Wednesday, May 18, 2022
Tags Culture

Tag: culture

A critique of the critique ‘industry plant’

Aarthee Pari discusses the meaning of the term 'industry plant' and its validity as a critique of musicians.

It all begins with breakfast

It has long been said that breakfast constitutes one of the most important meals of the day. Really, there is nothing more refreshing than...

Review: ‘Beautiful World, Where Are You’

"While Rooney wants to make it clear that these characters are made by a complex process of personal and structural factors, the characterisation of these effects comes across as largely typical liberal nihilism: evident contemporary issues are discussed but focus by and large as background. Brexit, climate change, culture wars and fame form a seemingly endless indulgent discourse with no real direction or purpose. Instead, there seems to be an obsession with providing binary opposites within her characters, which comes across as a litany of cliché. Felix is both bad because he watches hardcore pornography but is good in the fact that he likes and gets along well with dogs. Eileen presents her vulnerabilities through the online-stalking of her ‘sad boy’ ex-boyfriend, her tiny apartment, and meagre salary, while Simon can promise his traditional Catholicism, do-gooder job in the Irish government. Alice’s sexual voyeurism is linked to her financial position in allowing Felix to come to Rome with her expenses paid. Felix’s working-class cliché borders on the offensive, or serious ignorance at best, presenting a character who has to literally defend his intelligence: “I can read by the way… I’m not great at reading, but I can read. And I don’t think you really care anyway.” When these minor power-plays slowly unfold and catalyse at the end of the novel, involving a major confrontation between Alice and Eileen, a knocked-over chair, and a wine glass smashed on the kitchen floor, we’re left wondering what the entire point of these relationships was in the first place."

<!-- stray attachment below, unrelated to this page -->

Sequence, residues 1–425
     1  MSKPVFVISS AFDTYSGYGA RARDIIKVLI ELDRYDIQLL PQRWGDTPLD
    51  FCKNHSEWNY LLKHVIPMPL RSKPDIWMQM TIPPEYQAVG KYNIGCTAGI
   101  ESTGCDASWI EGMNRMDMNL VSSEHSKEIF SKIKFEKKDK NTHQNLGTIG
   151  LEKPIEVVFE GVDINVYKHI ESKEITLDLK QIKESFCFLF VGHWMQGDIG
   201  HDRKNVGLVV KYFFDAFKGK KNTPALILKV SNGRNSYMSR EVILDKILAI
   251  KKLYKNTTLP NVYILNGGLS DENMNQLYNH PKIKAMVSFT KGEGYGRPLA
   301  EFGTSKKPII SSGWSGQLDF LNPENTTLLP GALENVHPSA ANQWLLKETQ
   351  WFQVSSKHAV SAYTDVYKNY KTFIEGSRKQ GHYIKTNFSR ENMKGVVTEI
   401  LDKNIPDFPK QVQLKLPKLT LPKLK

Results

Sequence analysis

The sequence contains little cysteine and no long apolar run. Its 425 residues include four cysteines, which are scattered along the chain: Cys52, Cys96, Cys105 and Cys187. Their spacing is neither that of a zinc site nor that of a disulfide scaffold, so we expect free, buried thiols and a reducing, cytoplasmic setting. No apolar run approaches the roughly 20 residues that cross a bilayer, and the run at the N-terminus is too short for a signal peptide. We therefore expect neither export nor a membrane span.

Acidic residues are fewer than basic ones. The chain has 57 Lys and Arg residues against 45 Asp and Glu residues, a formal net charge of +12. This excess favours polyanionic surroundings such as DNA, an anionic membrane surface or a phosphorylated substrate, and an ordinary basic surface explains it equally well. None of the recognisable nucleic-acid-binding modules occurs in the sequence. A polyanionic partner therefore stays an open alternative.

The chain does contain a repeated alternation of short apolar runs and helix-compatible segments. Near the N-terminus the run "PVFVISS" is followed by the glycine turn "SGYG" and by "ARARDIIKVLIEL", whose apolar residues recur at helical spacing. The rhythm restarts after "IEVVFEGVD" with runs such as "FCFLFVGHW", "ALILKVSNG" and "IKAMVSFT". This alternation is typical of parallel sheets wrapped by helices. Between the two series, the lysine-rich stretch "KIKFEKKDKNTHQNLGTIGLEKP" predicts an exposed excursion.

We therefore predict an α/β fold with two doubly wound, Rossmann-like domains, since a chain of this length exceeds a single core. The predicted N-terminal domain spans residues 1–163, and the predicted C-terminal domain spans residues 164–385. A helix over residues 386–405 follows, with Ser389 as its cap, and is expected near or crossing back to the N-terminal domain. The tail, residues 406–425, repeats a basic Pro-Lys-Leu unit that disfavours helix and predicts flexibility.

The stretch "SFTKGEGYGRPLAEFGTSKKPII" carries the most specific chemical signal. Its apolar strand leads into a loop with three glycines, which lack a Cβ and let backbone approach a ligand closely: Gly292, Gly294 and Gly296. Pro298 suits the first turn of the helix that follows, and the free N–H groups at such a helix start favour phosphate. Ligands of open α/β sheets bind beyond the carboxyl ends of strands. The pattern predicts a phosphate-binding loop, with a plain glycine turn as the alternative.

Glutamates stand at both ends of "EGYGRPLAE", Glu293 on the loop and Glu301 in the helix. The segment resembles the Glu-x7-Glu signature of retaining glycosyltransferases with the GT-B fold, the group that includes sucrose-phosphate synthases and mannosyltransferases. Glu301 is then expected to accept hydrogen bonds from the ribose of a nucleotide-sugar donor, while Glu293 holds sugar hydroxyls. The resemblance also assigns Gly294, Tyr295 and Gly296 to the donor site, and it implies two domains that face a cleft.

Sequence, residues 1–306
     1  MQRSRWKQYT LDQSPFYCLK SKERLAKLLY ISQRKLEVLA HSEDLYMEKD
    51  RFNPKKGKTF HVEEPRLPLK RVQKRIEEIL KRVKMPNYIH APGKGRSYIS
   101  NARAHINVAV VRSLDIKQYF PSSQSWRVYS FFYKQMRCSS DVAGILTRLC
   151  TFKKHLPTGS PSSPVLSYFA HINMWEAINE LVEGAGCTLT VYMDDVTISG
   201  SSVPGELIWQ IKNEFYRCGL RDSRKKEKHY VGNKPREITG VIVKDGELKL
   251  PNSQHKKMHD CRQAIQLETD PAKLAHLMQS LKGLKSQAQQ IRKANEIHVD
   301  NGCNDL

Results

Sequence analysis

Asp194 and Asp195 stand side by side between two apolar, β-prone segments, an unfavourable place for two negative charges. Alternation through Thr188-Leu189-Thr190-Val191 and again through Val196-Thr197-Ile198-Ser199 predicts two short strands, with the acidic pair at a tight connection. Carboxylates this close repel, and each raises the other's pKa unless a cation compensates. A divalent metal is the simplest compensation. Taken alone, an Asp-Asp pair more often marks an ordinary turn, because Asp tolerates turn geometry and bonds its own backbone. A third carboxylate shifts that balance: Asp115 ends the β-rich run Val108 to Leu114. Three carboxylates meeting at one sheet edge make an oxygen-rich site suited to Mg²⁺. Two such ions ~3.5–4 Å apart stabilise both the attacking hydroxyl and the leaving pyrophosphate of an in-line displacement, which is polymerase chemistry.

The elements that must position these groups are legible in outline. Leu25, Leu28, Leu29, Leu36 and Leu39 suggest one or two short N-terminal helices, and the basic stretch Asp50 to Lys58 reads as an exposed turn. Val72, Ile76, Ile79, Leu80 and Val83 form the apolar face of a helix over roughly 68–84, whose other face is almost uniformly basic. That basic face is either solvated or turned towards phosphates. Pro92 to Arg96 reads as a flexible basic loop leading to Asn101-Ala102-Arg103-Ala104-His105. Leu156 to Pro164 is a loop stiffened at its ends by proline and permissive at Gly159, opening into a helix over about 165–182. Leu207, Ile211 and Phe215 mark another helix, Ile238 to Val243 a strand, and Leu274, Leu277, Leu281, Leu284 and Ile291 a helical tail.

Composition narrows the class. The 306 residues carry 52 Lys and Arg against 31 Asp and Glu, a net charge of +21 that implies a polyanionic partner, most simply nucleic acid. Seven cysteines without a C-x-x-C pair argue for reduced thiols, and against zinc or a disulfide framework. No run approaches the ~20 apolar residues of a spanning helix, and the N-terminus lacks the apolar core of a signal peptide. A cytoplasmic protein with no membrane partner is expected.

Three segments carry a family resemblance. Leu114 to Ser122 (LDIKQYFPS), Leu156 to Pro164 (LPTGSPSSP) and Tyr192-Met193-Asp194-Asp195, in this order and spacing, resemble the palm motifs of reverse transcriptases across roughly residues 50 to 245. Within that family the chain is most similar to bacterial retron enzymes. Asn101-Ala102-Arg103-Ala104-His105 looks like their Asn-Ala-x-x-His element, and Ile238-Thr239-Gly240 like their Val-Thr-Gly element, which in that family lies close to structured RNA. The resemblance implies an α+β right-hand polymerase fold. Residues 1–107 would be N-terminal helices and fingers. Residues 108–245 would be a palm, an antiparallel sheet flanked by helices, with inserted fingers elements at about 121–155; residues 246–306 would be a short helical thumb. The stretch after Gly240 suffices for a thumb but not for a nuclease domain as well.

Reshuffling our thoughts

A shock decision by Spotify has fundamentally shaped the concept of the album in the digital age. Adele’s new album, 30, can no longer be shuffled as...

‘Truly perceptive’ – Review: The Effect

"[...] it is these painfully truthful human relationships that elevate it from an evocatively written commentary on medical ethics to a truly perceptive piece of art."

Auntythetical: Being stuck in the middle

The ostracism I felt had forced me to choose between my identity and the chance to have friends.
Two drawings of pastel coloured faces on a pastel blue background

Review: “The Arnolfini Portrait” by Tamsyn Chandler

"The Arnolfini Portrait was an intricate, sophisticated project with a controlled yet bold execution. Every element of sound was carefully considered, and I took great satisfaction in being guided along Jean’s journey through the various mediums of sound." Beth Ranasinghe reviews the audio production of "The Arnolfini Portrait" by The Industry Magazine Podcast.
Black and yellow image with a woman's face with the eyes blocked up by a stripe of yellow paint

Review: These Quicker Elements by George Rushton

"The lack of interaction prescribed by the online format forbids conversation between Lana and her audience, a blockage that’s mirrored by the cited words’ failure to offer clarity on Lana’s lost life events". Eleanor Zhang reviews the online production of These Quicker Elements.

Review: Lil Nas X’s ‘MONTERO (Call Me By Your Name)’

"In his adolescence, the Church told Montero that being gay would send him straight to Hell – so the singer reckoned, why not get into his thigh-high stilettos and slide down there on his own terms?" Beth Ranasinghe dives deep into Lil Nas X's recent single "MONTERO (Call Me By Your Name)".

C’est La Vie: the importance of multilingual representations in art and...

Some hidden gems of the artistic world lay in works that employ multiple languages in a purposeful manner. Algerian singer-songwriter Khaled intertwines both Arabic...